The CEO of SafeWay, started a company that sells this data. Unfortunately its typically only sold to companies that self insure and have ~10,000 employees. You can watch him talk about the data and the company here:

http://coe.berkeley.edu/static/streaming/gtl-conference/2009...


Wow. The average reimbursement for a non-complicated birth in most US hospitals is around $3-5K.

You are correct though, the reason why hospitals do this is because the system is entirely setup to support this kind of behavior.


Next time, try a midwife if you and your wife are comfortable with home birth. In the Denver area it runs about $3k for parental care, the birth, and post birth check ups. Also, you don't have to deal with hospitals. I had one of my kids at home with a midwife and I wish it would have been both. If you actually need one, then the midwife will take you to a hospital.


Unless you have one of dozens (hundreds?) of potential complications that can happen during childbirth and you don't make it to the hospital in time. They you've got a dead or severely brain damaged baby and a potentially dead mom. Totally worth it.

And the odds of making it to the hospital in time if you need an emergency c-section or start bleeding out are pretty slim.


Actually, experienced mid-wives are very good at recognizing problems before they become serious problems. At some point, I was running out of energy and starting to struggle. They have monitoring equipment for the baby, and checked on her first to make sure she was fine. They talked about transporting me, but decided to give me a tablespoon of honey first. It worked, and we were done with a healthy, happy outcome shortly after that.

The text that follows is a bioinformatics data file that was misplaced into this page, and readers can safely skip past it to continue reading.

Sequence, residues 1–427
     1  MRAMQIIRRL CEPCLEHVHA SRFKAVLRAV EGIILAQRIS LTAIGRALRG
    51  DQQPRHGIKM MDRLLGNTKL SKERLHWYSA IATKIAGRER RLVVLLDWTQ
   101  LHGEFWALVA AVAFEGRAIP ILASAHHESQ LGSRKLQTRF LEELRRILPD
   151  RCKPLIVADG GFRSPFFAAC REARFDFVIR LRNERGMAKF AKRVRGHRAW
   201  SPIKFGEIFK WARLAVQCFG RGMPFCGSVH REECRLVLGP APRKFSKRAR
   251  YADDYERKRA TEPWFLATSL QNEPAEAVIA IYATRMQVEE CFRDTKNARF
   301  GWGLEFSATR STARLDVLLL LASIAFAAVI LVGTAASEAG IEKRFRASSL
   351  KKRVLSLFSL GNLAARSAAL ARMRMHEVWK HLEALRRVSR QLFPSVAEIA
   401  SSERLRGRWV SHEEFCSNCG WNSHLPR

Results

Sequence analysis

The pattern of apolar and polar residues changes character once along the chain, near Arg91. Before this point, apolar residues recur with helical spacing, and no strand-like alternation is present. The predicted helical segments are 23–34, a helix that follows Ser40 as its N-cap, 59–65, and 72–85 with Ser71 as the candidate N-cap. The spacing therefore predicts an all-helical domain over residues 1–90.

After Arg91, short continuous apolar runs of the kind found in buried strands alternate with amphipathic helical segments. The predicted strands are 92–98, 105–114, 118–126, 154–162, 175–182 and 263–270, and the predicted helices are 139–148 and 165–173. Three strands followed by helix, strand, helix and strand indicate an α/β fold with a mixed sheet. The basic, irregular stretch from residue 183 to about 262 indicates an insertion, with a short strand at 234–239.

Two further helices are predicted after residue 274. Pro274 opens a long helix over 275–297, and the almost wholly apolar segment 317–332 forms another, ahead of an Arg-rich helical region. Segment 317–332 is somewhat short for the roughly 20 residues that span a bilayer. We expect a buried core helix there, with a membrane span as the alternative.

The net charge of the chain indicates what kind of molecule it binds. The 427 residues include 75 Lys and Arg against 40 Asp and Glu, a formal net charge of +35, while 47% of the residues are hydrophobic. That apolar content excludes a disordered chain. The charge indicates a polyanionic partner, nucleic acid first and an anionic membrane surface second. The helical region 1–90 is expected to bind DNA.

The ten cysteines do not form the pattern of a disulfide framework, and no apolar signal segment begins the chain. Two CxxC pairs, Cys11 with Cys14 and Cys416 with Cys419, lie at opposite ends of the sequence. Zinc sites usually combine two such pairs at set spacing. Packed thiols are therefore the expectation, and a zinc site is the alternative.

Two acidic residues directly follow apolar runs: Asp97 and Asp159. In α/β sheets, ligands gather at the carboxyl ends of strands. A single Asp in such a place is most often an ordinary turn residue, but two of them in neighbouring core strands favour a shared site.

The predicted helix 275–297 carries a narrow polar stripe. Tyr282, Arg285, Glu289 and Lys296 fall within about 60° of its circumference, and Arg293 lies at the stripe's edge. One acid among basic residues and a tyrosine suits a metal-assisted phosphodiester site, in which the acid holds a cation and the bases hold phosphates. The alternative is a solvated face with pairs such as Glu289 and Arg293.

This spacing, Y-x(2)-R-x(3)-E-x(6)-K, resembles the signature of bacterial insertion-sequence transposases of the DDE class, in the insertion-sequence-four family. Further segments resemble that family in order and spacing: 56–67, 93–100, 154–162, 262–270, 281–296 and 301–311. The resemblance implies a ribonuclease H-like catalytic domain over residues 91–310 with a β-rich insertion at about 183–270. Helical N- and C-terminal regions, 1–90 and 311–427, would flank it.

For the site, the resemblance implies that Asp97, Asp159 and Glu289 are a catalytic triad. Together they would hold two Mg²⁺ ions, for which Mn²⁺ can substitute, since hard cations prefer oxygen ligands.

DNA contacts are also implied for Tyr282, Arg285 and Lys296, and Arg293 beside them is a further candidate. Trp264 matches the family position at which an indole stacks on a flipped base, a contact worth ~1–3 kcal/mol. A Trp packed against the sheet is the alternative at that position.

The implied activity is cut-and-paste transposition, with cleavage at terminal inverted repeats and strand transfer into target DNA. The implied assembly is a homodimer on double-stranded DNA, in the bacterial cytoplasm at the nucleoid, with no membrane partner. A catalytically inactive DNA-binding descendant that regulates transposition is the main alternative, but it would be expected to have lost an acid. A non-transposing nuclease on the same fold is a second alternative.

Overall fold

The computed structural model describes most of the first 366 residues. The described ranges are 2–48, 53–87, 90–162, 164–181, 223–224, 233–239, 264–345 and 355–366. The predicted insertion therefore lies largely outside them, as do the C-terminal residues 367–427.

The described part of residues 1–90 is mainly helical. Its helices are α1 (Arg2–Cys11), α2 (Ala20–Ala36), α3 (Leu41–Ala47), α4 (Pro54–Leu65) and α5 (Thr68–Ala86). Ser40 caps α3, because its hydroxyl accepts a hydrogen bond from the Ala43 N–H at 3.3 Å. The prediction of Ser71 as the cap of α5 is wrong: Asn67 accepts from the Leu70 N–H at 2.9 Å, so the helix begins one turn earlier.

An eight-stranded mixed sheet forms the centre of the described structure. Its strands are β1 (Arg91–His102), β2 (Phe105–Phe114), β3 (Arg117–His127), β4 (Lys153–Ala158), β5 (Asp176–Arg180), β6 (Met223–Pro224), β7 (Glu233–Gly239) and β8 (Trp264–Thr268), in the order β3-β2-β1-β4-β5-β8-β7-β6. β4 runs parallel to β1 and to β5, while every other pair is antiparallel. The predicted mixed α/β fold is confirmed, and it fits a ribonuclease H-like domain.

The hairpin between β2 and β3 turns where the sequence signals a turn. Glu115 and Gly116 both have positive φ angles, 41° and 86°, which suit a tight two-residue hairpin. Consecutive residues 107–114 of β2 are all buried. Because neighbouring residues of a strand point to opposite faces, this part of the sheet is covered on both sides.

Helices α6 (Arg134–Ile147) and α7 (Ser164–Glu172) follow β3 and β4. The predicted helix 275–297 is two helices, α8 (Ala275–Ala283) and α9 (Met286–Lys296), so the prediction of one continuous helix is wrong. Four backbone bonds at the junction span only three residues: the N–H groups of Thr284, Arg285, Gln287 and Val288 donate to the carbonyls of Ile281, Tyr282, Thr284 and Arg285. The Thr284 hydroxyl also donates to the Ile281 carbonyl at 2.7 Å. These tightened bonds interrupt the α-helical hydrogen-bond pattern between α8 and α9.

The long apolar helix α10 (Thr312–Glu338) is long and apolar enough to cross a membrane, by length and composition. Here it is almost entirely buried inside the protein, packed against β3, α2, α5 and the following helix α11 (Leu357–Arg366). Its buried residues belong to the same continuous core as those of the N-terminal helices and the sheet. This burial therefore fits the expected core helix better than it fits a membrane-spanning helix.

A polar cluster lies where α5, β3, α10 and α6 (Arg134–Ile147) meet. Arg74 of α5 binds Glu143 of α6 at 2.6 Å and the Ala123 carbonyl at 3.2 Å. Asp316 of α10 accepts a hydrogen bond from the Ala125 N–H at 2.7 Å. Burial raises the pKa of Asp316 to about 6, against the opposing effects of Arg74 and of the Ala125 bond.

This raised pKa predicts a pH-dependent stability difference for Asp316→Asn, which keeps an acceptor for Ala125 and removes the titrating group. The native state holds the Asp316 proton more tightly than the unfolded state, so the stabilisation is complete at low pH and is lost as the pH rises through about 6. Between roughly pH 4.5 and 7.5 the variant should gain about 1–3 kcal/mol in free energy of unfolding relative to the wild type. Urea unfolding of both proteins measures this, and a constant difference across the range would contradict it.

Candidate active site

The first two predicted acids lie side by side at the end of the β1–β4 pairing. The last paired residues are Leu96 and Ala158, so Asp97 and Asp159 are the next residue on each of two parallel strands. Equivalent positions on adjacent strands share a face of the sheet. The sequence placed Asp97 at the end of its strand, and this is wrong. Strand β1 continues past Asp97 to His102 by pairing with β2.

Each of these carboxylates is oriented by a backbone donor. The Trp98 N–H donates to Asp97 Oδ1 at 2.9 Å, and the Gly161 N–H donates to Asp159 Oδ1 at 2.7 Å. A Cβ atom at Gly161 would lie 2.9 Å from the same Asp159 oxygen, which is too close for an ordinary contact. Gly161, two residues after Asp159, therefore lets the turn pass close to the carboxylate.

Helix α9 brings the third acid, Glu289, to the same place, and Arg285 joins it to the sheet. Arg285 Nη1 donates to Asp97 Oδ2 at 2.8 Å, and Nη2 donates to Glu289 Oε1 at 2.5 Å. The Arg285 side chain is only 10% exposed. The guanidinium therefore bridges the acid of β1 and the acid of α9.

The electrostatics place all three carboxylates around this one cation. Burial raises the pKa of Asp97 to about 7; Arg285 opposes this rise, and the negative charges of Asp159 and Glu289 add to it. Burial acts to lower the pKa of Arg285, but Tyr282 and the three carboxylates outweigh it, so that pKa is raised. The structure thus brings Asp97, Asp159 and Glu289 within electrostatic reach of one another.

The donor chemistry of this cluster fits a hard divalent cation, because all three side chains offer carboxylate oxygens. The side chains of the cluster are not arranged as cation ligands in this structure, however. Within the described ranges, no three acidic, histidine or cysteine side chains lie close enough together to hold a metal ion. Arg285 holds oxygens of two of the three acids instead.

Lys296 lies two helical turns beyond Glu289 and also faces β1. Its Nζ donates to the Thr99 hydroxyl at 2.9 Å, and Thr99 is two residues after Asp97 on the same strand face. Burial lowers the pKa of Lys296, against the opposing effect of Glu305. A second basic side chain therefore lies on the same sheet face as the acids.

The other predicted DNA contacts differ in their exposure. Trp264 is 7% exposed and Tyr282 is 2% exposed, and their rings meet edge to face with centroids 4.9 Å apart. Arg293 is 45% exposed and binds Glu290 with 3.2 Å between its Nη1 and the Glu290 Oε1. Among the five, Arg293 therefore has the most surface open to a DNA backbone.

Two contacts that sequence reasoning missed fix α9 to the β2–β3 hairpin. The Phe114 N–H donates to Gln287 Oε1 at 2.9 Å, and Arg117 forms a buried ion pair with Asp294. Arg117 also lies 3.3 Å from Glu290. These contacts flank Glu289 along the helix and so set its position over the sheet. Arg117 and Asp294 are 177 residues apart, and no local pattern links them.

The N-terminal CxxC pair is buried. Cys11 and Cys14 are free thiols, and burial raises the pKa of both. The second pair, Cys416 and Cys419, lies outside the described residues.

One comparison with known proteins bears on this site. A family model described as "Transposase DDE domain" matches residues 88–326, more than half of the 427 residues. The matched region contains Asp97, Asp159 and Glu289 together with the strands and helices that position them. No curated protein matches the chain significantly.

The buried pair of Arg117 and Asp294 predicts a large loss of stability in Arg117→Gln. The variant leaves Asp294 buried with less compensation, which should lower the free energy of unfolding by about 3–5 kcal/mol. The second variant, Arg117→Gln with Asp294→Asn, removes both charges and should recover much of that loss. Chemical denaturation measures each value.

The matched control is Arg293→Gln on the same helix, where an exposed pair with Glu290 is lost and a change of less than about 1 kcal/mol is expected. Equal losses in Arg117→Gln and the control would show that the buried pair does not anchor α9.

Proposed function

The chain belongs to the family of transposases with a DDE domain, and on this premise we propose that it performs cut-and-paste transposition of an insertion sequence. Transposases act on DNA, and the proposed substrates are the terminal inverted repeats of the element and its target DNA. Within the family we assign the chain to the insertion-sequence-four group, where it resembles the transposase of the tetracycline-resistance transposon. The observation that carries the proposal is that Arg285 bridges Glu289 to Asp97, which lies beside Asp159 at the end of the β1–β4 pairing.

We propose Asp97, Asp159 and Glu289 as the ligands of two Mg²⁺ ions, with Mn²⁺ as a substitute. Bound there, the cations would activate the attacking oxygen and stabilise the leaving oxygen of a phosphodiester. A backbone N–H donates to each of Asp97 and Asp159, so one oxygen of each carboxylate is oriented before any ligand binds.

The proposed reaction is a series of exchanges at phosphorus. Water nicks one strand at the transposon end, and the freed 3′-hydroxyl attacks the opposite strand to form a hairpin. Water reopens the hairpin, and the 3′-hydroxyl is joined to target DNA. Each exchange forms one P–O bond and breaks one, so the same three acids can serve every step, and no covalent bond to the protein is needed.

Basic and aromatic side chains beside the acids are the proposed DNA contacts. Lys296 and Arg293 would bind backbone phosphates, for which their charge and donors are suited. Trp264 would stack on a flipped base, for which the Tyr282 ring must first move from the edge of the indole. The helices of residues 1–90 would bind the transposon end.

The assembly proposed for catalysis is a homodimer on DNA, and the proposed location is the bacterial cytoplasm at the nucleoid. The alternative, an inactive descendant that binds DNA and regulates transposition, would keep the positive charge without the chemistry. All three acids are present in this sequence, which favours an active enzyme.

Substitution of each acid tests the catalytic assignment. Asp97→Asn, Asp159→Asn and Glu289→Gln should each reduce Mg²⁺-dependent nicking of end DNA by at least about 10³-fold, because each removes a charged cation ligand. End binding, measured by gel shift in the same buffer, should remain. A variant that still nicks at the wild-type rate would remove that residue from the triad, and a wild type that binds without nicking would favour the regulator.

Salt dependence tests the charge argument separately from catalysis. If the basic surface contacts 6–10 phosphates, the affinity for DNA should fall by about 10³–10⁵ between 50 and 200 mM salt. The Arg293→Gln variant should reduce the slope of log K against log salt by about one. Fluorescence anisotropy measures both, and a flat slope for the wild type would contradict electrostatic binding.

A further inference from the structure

With midwives, you actually have human attention on you during a birth, rather than doctors and nurses that drop in occasionally and can miss stuff. My hospital birth came closer to having problems because there was another emergency on the floor and no one paid attention to me for hours (when perhaps they should have).


Obviously you haven't done your research on this topic yet. The midwives are state registered and are legally bound to only serve woman who are in perfect health condition, with no complication during pregnancy whatsoever and prefer woman who had previous births without complications. Still, hospital is on standby and yes, it makes more sense if you are not 100 miles away from one.


that's exactly what we did. 12k the hospital, 6k the birthing home and the midwife charged 3k. When we asked her about the price, she "admitted" feeling "guilty". She said "it's still way too high, but I get in trouble from the birthing homes, if I charge less". Talking about "market prices". There are none (yet).


woh woh woh hold on....20k to give birth? I am amazed the US is still breeding.


"I got a reply in writing that it was $20k"